Across the world, governments are implementing targets designed to get their citizens driving greener. Years that sound a long way in the future, such as 2030 or 2040, are being suggested as targets to get emissions out of our breathable air, and polluting vehicles out of our cities. The really staggering thing about some of these targets is quite how close they are – as futuristic as 2030 might sound, it is now just ten years away, which is simultaneously exciting and frightening.
There are a few details to be ironed out. One of these is the not inconsiderable fact that a target is one thing, but actual laws backing these initiatives remain elusive. Another is that the targets may be a long way in the future but the trend for non-polluting vehicles is right here and right now. Many people may have already bought their last fossil fuel-powered vehicle, but not everybody is in a position to buy an electric car and until the infrastructure exists to recharge those cars on a wide enough basis, for some people there is no point in buying one.
This being the case, it is important to ask yourself what else you can do to make sure you’re driving green; you might not be ready to get behind the wheel of a perfectly green car, but you can make some changes now that will make a difference.
1. Only use the pedals when you really need to
If you drive a petrol or diesel vehicle, then there is no getting away from the fact that there will be some fumes being put into the atmosphere, but you can have a definitive impact on your emission footprint. Being aware of when you need to accelerate, and when you can coast, is something to which you should pay more attention. We all have places we need to go, for sure – but do you need to get on the gas so you can be at the next red light before everyone else? The more you accelerate, the more you will end up braking – and therefore, the more you will need to accelerate during your journey. This burns more fuel, and you’d better believe it means you release more emissions.
If you know that there is a turn coming up, or there are traffic signals in the near future, let the car use the kinetic energy you have already built up. You’d be stunned by how much more mpg you can get out of your car with careful driving – and many of the more modern breed vehicles have counters that show how efficiently you’re driving. Practice smart driving and see how high you can get your efficiency.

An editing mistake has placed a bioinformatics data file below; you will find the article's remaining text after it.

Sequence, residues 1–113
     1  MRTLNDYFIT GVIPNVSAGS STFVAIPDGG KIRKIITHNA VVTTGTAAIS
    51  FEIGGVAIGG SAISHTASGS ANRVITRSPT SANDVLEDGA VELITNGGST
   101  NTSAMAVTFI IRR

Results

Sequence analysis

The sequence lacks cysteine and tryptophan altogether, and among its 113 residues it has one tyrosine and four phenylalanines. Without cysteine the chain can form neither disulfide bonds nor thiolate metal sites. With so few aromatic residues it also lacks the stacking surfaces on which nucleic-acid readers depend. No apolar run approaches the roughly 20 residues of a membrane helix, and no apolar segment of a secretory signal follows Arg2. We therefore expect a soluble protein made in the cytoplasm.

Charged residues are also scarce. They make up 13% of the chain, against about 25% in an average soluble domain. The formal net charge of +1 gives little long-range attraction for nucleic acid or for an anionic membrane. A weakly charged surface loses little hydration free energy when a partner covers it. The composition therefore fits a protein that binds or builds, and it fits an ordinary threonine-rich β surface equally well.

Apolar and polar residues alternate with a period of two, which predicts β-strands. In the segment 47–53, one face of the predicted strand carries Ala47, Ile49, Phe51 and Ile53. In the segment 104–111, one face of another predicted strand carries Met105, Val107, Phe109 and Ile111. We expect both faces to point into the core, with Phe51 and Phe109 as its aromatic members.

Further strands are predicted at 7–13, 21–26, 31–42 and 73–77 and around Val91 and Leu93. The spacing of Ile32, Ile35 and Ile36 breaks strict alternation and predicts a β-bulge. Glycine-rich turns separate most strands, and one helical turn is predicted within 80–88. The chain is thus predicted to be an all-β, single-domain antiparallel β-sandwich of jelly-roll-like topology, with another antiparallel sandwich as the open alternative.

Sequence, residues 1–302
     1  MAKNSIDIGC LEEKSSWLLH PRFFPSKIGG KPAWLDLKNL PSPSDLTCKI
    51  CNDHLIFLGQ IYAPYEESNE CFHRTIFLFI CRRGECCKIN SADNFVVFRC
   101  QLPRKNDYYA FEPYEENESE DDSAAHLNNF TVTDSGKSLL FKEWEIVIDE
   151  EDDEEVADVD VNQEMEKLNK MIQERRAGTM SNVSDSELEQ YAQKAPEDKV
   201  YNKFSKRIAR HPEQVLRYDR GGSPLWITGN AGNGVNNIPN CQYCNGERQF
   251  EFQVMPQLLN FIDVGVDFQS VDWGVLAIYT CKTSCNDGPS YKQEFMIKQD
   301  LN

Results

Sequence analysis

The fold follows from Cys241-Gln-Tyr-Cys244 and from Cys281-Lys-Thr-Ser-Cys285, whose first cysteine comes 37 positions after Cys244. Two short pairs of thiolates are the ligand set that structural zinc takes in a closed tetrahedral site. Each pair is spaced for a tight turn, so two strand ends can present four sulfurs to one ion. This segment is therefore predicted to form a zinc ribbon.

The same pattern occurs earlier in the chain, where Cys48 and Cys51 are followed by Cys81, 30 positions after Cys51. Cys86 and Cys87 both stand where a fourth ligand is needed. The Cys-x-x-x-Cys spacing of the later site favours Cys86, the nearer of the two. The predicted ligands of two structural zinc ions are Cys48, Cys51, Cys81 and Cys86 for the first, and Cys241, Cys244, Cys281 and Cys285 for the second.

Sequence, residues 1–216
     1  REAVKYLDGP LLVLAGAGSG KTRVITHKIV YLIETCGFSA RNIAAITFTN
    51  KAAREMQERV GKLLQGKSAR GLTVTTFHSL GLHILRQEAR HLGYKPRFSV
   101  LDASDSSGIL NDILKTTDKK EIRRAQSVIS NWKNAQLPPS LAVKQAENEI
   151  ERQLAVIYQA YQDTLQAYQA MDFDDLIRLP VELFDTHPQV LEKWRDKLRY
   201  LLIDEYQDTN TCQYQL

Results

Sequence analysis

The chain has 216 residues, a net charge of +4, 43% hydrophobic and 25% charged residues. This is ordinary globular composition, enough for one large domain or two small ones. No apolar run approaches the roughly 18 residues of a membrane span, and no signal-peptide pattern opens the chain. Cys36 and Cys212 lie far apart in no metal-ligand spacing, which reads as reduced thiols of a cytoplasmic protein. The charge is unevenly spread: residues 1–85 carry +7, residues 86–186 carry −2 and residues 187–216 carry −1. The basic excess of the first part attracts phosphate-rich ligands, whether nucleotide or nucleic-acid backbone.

2. Have your car looked at on a regular basis
The older a car gets, the more likely it is to pollute. That’s just an unavoidable fact; more things will go wrong with it, and it will have to work harder for the same outcomes. However, this is a very incremental change in most vehicles, and by making sure that your car is looked after you can reduce your impact on the planet. By taking your car to a garage or a trusted diesel mechanic it is possible to nip any polluting problems in the bud before they become serious.
Not only is this common sense for people who want to get the most out of their car, it is also a way to identify problems before they become chronic, at which point you might be forced to replace your car and buying from new is rarely a way to bring down your carbon footprint.
3. Drive less
There is no getting around it, the best way to drive greener is to drive less often. How many trips do you take without really thinking about them? For most of us, it’s a surprisingly large number, we’ll hop in the car for any reason, and often for journeys that could easily be made on foot. With so many options available including carpooling, public transport and even cycling; it makes sense to sometimes leave the car at home and give the planet a break.
Using your car only when you need it means the car itself will last longer, you’re less likely to develop faults that will lead to more pollution, and you’ll save money into the bargain. It may take some getting used to, but whenever you pick up your car keys, ask yourself if this trip needs to be made, and if so, does it need to be in a car?
It is possible to drive greener without buying an electric car and by the time the world’s governments have figured out what they want from drivers, you’ll have learned a few things and saved some cash into the bargain.
Photographs courtesy of motorverso.com